We have all been on the receiving end of phone calls supposedly conducting a 'survey' on how many doors or windows we would like to replace, which transpires into a blatant attempt to sell double-glazing. But marketers must also be aware of far more subtle transgressions that could be considered as disguised promotion. Such errors could include unnecessary use of brand names or over-emphasis of product claims within a questionnaire, disparaging competitors or including questions that ask respondents to change their attitude or behaviour (as opposed to investigating whether such a change could hypothetically be possible).

Another important consideration is to ensure that the sample size for a market research study is limited to that necessary to achieve the objectives of the research – overly large samples could be viewed as an attempt to disseminate product information to a wide audience.

Preserving anonymity
The framework gives extensive guidance on how to safeguard respondent anonymity while enabling the client to gain maximum benefit from the research process.

Best practice guidance is provided for the direct observation of interviews or group discussions by client personnel. Respondents must give their consent to being observed and observers must agree to a set of guidelines designed to protect the respondent's right to anonymity and freedom from disguised promotion. Observers should withdraw if a respondent is known to them or recognised, unless the respondent gives explicit permission for observation to continue.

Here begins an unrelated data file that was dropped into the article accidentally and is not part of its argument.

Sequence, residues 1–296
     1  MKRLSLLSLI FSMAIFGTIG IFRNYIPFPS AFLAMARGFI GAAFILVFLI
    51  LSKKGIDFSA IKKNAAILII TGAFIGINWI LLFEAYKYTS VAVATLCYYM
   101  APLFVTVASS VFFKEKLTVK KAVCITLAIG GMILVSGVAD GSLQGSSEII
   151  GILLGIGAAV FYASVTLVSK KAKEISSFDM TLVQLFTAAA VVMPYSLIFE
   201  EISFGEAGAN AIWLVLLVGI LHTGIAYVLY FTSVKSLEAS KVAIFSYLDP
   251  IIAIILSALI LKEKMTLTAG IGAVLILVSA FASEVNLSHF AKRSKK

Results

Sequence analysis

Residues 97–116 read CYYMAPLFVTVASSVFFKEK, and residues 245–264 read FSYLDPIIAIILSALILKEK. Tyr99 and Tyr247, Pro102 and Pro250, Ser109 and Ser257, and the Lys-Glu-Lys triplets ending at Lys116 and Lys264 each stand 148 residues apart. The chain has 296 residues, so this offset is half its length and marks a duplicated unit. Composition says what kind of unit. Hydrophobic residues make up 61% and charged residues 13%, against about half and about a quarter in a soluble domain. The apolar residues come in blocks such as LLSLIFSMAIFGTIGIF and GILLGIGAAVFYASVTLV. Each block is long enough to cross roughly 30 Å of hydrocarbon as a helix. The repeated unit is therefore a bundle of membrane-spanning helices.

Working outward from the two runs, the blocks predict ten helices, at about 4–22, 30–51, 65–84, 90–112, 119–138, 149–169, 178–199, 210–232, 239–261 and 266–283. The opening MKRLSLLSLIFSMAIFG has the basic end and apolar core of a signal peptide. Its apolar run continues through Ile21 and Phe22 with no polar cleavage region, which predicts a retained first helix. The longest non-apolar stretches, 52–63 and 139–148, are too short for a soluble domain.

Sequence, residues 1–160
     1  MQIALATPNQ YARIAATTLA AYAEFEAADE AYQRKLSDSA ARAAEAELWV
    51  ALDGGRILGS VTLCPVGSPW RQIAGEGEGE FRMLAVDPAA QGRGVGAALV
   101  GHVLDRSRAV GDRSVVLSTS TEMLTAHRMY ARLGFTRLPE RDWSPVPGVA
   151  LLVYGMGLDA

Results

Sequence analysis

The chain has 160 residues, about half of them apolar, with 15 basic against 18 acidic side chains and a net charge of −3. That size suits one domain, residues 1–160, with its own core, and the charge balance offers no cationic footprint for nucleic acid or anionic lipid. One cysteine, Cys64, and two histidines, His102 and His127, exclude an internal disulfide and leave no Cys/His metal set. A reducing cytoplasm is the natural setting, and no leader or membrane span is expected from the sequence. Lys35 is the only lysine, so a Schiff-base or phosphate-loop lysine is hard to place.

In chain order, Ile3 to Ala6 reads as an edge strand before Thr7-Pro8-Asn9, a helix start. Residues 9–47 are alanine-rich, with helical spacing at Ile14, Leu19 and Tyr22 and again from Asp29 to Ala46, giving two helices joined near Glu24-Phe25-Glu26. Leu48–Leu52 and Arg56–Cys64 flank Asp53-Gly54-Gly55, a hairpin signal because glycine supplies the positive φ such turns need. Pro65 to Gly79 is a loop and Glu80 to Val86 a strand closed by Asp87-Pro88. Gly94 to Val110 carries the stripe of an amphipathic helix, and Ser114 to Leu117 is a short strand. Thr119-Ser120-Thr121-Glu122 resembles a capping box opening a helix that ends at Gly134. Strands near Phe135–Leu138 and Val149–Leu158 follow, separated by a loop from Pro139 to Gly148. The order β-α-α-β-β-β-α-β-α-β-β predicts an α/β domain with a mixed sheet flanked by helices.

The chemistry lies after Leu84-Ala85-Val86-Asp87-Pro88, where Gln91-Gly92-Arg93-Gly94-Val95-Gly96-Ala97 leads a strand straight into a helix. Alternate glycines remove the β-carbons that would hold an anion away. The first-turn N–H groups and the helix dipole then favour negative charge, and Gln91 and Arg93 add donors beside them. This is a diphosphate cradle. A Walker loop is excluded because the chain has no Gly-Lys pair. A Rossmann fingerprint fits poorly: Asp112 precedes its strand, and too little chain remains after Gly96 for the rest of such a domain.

Use of stimulus materials
Although materials such as product profiles, advertising concepts or detail aids for use in MR are not strictly bound by the ABPI requirements for promotional materials, it is best practice to bear these in mind when preparing stimulus materials for MR. Product information or trial data must be accurate and not misrepresented and research material should be approved by the client company's medical department. In line with the principle of informed consent, it is vital that respondents are told whether their feedback will be on draft materials, hypothetical scenarios, products still in development or unlicensed indications.